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2016 Report of the Inter-Departmental Ministerial Group on Modern Slavery

This report provides an assessment of modern slavery in the UK and explains how the UK has responded to this threat over the past 12 months. The Inter Departmental Ministerial Group (IDMG) comprises representatives from the UK Government, the Northern Ireland Executive, the Scottish Government and the Welsh Government. All IDMG members have approved the contents of this report.

Terminology

‘Modern slavery’ is an umbrella term that covers the offences of human trafficking, slavery, servitude and forced or compulsory labour. The IDMG group was initially set up in 2011 to act as the national rapporteur for the UK, as required by Article 19 of the EU Directive on Combating Trafficking in Human Beings. As such, IDMG’s first two reports referred to the issue of human trafficking.

The 2015 and 2016 IDMG reports cover modern slavery as a whole, without distinguishing between its constituent elements. This is because the exploitative behaviours involved in committing the crimes of human trafficking and slavery, servitude and forced or compulsory labour are often similar, as is the operational response to these crimes. Assessment of Modern Slavery in the UK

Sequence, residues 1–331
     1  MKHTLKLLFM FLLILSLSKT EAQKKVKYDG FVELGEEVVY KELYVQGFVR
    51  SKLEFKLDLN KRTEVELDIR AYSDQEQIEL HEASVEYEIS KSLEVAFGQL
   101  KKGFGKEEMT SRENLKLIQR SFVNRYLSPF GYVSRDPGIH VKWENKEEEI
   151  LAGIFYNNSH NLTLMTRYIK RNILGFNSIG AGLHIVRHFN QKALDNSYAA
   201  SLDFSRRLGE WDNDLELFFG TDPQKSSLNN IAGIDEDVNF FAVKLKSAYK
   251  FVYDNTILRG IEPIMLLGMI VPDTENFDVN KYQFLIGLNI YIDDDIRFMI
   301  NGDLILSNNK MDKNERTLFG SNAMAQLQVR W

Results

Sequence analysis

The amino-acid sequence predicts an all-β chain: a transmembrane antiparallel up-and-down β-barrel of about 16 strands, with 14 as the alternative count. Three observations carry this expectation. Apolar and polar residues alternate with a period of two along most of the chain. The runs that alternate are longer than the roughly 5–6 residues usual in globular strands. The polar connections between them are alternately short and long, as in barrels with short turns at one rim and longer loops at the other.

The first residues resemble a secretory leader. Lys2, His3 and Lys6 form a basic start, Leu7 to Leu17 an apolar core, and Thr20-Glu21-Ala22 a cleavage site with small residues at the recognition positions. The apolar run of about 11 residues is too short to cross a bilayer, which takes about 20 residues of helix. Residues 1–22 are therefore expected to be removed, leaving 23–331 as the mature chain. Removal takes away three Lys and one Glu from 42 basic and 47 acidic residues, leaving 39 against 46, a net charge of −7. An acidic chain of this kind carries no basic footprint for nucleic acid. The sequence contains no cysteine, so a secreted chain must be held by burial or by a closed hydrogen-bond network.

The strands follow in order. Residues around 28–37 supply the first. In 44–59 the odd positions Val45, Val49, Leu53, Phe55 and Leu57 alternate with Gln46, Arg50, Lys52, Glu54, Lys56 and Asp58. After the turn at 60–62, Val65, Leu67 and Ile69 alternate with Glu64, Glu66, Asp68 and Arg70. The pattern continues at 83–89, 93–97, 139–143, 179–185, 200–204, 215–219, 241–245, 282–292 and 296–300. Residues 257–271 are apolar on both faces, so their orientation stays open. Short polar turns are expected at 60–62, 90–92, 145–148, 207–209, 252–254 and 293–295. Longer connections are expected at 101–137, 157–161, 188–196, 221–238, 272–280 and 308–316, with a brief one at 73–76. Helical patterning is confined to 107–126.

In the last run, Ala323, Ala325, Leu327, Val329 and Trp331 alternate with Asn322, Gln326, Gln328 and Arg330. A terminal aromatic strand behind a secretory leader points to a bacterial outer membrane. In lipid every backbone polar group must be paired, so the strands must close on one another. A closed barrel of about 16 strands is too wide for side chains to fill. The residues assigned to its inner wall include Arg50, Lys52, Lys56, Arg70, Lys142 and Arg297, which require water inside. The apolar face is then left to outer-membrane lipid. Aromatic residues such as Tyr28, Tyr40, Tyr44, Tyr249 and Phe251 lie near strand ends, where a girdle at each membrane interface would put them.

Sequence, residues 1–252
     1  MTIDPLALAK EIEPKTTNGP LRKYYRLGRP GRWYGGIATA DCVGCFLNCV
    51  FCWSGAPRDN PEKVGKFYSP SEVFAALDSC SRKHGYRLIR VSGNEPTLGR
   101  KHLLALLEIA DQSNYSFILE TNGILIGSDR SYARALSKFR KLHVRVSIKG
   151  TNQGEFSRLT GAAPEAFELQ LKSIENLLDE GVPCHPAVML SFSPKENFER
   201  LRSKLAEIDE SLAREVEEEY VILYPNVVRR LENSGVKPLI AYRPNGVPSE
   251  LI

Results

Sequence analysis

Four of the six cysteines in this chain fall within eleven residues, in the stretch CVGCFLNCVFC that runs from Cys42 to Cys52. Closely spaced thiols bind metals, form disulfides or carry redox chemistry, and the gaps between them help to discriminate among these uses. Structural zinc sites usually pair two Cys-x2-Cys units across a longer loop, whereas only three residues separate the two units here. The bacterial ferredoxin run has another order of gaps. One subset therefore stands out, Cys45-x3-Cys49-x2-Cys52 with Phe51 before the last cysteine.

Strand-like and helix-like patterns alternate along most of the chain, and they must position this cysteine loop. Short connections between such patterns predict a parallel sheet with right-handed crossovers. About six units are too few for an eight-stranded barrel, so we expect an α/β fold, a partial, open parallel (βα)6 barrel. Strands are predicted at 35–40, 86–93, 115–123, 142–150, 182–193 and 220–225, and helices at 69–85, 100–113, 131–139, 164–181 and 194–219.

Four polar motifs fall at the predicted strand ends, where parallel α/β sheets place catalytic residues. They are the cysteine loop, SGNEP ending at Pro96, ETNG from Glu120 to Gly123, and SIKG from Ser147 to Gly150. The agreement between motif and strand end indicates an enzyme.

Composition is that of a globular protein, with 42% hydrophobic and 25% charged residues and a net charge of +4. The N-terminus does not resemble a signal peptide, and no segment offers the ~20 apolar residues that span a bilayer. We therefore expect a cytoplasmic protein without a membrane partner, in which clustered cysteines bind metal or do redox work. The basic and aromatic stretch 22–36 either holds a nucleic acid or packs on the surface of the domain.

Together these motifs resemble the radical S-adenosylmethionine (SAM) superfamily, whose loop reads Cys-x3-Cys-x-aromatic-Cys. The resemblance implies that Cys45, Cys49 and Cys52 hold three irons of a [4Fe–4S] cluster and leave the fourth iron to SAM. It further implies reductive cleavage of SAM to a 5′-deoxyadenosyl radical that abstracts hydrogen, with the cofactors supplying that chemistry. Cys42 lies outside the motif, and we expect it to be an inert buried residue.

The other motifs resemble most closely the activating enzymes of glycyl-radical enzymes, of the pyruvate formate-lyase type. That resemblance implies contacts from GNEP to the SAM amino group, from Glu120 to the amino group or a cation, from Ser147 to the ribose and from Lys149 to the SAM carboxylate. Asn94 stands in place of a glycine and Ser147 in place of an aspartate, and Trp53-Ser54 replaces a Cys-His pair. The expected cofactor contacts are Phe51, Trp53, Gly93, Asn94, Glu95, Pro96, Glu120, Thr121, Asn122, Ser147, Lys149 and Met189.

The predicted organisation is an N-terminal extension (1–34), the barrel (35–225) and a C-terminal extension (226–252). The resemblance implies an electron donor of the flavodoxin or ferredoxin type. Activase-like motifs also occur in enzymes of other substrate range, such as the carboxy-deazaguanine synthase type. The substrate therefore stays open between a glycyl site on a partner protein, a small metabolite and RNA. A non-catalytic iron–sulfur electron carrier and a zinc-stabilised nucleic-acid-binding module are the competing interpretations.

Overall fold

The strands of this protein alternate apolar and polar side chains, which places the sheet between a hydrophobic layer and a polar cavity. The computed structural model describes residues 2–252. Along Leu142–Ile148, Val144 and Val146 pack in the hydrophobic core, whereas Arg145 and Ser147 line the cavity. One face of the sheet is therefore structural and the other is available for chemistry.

Modern slavery is a hidden crime, which means it is challenging to accurately measure its scale and nature. Victims are often unable to report their suffering or may feel too traumatised to do so even when the opportunity arises.

In 2014, the Home Office estimated there were between 10,000 and 13,000 potential victims of modern slavery in the UK. A small but growing proportion of potential victims come into contact with the state. There have been year-on-year increases in the number of potential victims identified in the UK. The National Referral Mechanism (NRM) – the UK’s framework for referring and supporting victims – received 3,266 referrals of potential victims in 2015 (a 40% increase on 2014). We believe that these increases are the result of improved awareness of modern slavery and the increased focus of law enforcement on this crime, while also demonstrating that we still have much to do to shine a light on modern slavery and bring the perpetrators of these appalling crimes to justice.

We are also developing a better understanding of potential victims of modern slavery who do not wish to receive support, through new requirements for specified public bodies to notify the Government about potential victims they encounter. Between 1 November 2015 and 31 July 2016, the Government received notifications of 427 potential victims of modern slavery in England and Wales. Similar duty to notify provisions will shortly be in place in Scotland and Northern Ireland. In addition, following the introduction of a separate modern slavery crime recording category, in the year to March 2016, police in England and Wales recorded 884 modern slavery crimes. In 2015, Police Scotland recorded 26 modern slavery crimes and Police Service of Northern Ireland (PSNI) recorded 59 modern slavery crimes.